While doing a story on immigration, shed followed him around his
border patrol station, barely able to keep her pen steady enough to take
notes; the vibrations of his voice down her spine carried through to her
fingertips like a tuning fork.
The station tour and interview ended where it began, at the entrance.
Were just everyday guys doing our jobs, hed said and opened the door
for her exit.
Shed nodded and stood for an uncomfortably long moment, unable to
convince her feet to move out of his dark, magnetic stare.
I may need a little more info would you be available later? shed
asked, and hed promptly dictated his cell phone number.
A few weeks later, she lay naked beside him, wondering who was this
woman that possessed her body. Not Reba Adams. Or at least not the Reba
Adams from Richmond, Virginia. That girl would never have slept with a
man after knowing him such little time. Scandalous! But this girl felt shiny
new, and that was exactly what she wanted. So she had curled her body
around his and leaned her chin on his tanned chest, knowing full well that
she could get up and leave anytime she wanted. The power of that made
her light- headed with satisfaction, but she didnt want to leave, didnt want
him to either. There and then, she prayed for him to stay. He had, and now
she felt like a migrant bird tethered to a desert rock.
She jiggled her foot anxiously. Her stomach growled.
See you later. Riki kissed the back of her head.
Reba didnt turn around.
The door opened and shut, and a cool draft of November air swept
round her bare ankles. After his white- and- green US Customs and Border
Protection pickup passed the front window, she pulled the cake from the
shelf and to keep them perfectly symmetrical, she cut slivers from each of
the three remaining pieces, then licked along the blade of the butter knife.
Midafternoon, Reba parked out front of Elsies German Bakery on Trawood
Drive. The shop was smaller than shed imagined. A carved wooden sign
hung over the door: Bäckerei. The smell of yeasty breads and honey glazes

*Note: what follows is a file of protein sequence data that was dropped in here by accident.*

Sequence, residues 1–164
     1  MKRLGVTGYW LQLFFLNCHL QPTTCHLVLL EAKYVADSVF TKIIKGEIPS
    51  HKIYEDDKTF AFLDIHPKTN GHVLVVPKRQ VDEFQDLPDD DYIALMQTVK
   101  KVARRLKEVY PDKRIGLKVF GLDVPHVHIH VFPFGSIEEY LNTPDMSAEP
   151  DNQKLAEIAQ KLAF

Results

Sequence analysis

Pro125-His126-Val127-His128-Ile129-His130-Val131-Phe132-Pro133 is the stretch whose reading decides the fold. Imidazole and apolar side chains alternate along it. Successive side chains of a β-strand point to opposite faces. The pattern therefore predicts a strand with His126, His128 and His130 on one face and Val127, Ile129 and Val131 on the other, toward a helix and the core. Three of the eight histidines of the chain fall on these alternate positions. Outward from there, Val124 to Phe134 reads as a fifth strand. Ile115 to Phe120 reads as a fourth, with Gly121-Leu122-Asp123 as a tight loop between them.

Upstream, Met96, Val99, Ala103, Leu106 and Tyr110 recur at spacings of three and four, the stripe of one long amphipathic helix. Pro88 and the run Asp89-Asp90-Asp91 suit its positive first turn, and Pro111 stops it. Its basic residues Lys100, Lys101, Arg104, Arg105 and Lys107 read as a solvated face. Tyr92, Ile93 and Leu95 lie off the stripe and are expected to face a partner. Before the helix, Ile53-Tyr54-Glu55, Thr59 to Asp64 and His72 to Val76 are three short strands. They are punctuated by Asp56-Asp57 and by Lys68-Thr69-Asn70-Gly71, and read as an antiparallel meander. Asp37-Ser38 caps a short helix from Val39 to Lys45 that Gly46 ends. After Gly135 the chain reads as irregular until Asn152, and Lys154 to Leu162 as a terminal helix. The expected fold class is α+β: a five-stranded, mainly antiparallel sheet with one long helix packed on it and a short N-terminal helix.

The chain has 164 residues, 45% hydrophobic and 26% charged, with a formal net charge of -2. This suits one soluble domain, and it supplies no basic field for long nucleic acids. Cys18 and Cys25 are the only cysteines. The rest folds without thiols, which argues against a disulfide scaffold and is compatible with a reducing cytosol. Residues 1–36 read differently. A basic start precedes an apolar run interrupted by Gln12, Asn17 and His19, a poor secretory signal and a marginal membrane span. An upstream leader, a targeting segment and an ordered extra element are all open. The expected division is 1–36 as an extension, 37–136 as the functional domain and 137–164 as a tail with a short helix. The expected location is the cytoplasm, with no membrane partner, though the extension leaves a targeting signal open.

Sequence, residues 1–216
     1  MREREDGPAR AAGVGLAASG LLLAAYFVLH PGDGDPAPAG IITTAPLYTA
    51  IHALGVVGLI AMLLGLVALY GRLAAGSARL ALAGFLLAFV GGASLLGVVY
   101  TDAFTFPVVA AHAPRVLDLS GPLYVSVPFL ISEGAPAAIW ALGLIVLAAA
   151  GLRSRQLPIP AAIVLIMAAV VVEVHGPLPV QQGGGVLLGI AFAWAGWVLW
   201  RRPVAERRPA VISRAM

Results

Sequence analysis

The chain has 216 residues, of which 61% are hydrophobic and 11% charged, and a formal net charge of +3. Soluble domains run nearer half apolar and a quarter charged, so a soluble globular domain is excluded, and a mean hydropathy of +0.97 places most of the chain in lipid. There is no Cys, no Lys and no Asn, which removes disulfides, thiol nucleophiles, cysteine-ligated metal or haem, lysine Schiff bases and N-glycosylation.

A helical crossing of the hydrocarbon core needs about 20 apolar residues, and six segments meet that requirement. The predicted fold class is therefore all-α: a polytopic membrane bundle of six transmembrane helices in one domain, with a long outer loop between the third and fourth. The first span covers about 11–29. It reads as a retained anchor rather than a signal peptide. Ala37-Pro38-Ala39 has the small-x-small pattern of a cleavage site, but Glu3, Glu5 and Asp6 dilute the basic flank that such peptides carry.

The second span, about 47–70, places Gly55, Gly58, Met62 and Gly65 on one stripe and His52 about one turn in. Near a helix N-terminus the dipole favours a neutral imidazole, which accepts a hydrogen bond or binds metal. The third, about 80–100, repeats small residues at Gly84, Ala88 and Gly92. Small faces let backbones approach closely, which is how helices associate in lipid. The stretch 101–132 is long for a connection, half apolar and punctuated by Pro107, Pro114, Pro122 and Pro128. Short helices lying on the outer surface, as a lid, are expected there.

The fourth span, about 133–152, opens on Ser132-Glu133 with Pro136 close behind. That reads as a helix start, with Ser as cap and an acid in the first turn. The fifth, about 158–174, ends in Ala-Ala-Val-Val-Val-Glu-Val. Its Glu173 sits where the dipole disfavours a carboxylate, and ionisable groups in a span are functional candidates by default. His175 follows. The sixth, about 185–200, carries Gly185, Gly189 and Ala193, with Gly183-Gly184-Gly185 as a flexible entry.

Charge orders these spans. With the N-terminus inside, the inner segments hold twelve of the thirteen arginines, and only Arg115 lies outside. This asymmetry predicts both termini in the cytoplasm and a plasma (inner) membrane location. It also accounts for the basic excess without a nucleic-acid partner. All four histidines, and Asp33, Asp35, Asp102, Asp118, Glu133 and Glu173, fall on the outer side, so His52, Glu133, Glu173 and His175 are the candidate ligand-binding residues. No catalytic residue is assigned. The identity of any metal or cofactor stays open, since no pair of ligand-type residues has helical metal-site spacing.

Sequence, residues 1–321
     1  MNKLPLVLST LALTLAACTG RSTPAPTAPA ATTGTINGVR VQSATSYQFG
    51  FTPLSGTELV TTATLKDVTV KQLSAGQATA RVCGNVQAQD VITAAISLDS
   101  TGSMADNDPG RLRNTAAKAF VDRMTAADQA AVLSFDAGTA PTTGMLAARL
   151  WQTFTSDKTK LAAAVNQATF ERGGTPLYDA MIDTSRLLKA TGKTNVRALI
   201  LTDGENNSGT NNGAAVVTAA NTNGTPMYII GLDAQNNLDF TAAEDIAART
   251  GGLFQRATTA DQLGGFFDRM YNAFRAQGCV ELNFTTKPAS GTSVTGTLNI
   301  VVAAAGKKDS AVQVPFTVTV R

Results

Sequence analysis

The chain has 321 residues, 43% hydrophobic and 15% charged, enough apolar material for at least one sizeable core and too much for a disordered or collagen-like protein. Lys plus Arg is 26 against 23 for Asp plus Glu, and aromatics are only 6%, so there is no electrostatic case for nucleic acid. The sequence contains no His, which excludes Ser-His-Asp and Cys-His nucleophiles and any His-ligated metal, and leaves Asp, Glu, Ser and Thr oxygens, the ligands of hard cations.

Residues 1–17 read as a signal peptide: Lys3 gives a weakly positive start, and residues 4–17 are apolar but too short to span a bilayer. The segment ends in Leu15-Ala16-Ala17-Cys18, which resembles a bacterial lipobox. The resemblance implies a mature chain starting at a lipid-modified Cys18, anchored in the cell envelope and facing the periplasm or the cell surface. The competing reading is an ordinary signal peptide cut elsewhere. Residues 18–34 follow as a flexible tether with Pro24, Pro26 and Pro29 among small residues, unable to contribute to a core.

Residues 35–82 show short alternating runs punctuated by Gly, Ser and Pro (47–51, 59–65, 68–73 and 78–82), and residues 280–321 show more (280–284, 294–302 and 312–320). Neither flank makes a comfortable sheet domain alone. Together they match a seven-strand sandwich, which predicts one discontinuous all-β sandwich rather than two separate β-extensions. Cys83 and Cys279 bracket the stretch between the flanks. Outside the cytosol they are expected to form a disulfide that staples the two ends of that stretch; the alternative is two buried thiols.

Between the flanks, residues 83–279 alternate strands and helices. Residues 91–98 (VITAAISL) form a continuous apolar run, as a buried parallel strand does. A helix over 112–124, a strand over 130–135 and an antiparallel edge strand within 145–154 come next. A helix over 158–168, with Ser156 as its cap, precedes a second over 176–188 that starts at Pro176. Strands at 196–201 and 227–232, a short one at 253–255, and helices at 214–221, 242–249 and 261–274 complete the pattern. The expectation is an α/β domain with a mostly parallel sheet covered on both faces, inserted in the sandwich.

hovered in the air despite the blustery wind sweeping round the Franklin
Mountains. Reba pulled her jacket collar up under her chin. It was a chilly
day for El Paso, a high of 63 degrees.
The bell over the bakery door chimed as a dark- haired woman and her
son tottered out. The boy held a pretzel, studded with salt and half chewed.
But when can we have gingerbread? he asked.
After dinner. She took his free hand.
Whats for dinner? The boy bit into the knotted middle.
Menudo. She shook her head. Eat, eat, eat. Thats all you think about.
She pulled the boy past Reba. Sweet cinnamon and allspice clung to them.
Reba marched into the shop, ready to finally get answers. A jazzy, bigband
tune played overhead. A man reading the newspaper sat in the corner
with a cup of coffee and a slice of stollen. A slim but sturdy woman with
silver- blond hair worked deftly behind the display case, sliding a tray of
crusty rolls into a basket.
Jane! You put the sunflowers seeds in when I say to put caraway!
yelled someone from beyond the curtained doorway dividing the café from
Im with a customer, Mom, Jane said. She pushed a graying bang behind
Reba recognized her Texan twang from the answering machine.
What can I get you? This is the last batch of brötchen for today. Its
fresh. She nodded to the basket.
Thanks, but I well, Im Reba Adams. She paused, but Jane showed
no flicker of recognition. Ive left a few messages on your machine.
Research shows that 90% of Americans value public libraries(Dec 11 2013) According to a survey by the Pew Research Center, about 90% of Americans aged 16 and older said that the closing of their local public library would have an...